If your actions inspire others to dream more, learn more, do more and become more, you are a leader.
~John Quincy Adams
I was at a client meeting the other day where we were discussing leadership and how even though the experts don’t agree on the definition of leadership, we all know it when we see it! It was a good discussion but I found my mind drifting off to land on someone from my past, who died a few years ago, that to me was the poster-child for unassuming, understated, yet highly effective leadership.
I first met John Clayton in the Atlanta Airport at the Continental Airlines President’s Lounge. I’m not great with dates but it must have been in the early to mid 1980’s. He came highly recommended by a client based in Richmond, Virginia, where John and his family lived. My client, who was very grateful for the consulting work we did to help align his senior team, kept telling me over and over that I had to hire John Clayton as he would be perfect for our type of “people sensitive” team consulting. So, since I was running a growing consulting firm and always on the lookout for exceptional talent, I flew in to Atlanta to meet with John.
One of the things that first struck me when we met was that John and I were very different, in just about every way. John was smooth, quiet spoken, appreciative, optimistic and extremely kind. A very nice man. On the other hand I was younger (about 10 years), brasher, less polished, more blunt and direct. Basically John was a facilitator and happy to guide things along to the intended outcome. I wanted to blast through and find the short cuts. I think at first we both wondered what the hell we had gotten ourselves into.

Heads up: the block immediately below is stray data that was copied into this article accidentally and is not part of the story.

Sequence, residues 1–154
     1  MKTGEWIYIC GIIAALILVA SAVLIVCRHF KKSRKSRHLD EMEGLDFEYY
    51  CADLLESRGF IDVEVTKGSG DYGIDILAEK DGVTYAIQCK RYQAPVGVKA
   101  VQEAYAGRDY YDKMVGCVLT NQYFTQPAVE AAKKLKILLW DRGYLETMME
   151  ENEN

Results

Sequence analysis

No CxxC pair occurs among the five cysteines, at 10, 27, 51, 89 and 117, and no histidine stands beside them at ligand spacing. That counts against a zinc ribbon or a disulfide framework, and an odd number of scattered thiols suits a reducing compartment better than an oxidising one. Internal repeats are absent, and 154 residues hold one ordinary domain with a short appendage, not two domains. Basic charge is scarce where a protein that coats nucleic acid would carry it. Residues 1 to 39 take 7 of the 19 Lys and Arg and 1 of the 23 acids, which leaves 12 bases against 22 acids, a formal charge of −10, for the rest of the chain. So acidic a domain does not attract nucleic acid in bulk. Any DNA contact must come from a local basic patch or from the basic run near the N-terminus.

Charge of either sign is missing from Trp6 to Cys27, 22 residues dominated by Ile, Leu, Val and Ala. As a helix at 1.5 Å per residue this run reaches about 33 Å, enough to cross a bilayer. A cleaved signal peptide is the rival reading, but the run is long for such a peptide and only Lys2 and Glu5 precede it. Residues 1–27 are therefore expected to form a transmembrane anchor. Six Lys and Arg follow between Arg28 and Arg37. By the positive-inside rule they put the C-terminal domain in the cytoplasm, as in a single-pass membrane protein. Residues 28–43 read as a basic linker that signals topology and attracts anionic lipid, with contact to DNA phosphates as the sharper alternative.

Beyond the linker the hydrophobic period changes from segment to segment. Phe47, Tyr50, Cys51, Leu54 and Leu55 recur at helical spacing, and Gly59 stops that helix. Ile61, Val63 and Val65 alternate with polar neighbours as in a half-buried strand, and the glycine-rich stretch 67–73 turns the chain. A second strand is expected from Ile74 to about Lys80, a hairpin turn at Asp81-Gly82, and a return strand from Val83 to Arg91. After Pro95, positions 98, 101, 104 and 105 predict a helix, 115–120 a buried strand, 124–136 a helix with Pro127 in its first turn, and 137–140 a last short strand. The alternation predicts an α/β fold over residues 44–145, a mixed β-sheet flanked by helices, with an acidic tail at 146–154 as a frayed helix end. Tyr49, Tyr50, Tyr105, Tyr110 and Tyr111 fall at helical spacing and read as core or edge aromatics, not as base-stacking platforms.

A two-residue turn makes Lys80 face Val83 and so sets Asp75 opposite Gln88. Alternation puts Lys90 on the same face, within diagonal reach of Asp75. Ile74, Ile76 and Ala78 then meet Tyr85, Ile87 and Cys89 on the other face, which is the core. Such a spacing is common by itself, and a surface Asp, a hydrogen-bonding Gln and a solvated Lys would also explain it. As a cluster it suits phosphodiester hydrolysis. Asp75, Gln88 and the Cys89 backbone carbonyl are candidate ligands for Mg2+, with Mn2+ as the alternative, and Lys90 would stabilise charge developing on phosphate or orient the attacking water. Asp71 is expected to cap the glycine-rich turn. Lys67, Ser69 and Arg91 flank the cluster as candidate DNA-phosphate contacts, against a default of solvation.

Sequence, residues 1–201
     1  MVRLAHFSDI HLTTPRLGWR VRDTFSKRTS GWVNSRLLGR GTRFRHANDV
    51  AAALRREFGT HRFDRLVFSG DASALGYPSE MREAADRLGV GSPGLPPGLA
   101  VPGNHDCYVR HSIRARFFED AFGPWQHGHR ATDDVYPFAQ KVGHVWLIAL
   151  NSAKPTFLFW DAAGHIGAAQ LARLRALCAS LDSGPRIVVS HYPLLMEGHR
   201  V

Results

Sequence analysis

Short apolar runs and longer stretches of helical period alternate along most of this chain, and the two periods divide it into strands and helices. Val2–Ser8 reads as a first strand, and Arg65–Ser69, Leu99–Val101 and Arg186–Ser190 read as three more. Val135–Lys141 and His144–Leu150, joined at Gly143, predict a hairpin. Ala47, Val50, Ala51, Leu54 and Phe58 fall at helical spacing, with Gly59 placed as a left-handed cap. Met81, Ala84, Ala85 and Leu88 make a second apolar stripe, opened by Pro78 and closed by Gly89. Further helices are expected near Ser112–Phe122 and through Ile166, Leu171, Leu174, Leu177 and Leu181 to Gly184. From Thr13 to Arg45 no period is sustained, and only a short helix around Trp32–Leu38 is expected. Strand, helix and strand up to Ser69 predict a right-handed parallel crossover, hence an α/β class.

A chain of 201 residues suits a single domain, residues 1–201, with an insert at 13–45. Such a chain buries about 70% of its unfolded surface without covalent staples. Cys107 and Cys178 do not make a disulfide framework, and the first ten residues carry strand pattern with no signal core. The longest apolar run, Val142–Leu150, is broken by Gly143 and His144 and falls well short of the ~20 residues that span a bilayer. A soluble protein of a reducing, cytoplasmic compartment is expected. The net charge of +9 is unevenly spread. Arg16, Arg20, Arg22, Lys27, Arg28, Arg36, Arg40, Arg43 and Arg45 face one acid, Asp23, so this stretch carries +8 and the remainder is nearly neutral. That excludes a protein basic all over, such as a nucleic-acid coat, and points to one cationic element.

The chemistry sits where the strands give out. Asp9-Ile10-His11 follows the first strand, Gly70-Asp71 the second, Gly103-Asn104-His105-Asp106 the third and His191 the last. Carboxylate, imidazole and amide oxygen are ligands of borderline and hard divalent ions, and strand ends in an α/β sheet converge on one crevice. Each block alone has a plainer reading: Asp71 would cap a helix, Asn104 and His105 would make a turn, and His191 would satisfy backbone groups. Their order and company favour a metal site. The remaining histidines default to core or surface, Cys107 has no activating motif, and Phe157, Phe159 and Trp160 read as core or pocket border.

But the more I listened to John and learned about his life, his successes (in politics,as a sportscaster, general manager of a minor-league hockey team) the more I could see the ingredients (I call it the “right stuff”) of an exceptional leadership consultant.
John agreed to come on board our small consulting firm and quickly became a senior consultant, then a Vice President and sold and ran one of our largest culture change programmes ever, for British Gas in the UK. Eventually John became the Head of our UK firm for a couple of years after I retired.
Sadly one day about eight years ago I received a call from a former colleague that John had suffered a heart attack and died that evening. I was shocked, since I had always assumed the active, frequent golfer was in good health. But most of all I was saddened. The world had lost one of the most unsung, unassuming, yet highly effective leadership consultants I had ever had the privilege to know and work with.
Many people thought that John and I didn’t get along and that I was always criticizing his “laid back” style of working with clients. And on the surface that was the case, but if there ever was a tricky client engagement that needed real leadership and relationship building to get the job done, I always chose John Clayton. That was the case when he was chosen for the Ford Halewood transformation project, which has since become an INSEAD case study in successful business transformation.
Seth Godin says it best when defining leadership. “Leaders lead.” John Clayton was in my mind a great leader because he did just that, he led. He didn’t talk about it, he didn’t flash his successes about, he just led. And people follow and respond to leaders who lead, not leaders who talk.
Next time you see someone who is different from your mental image of how a successful leader should look or behave, remember John Clayton. You may discover a real leader if you take the time. I’m glad I did.
Tight Lines . . .
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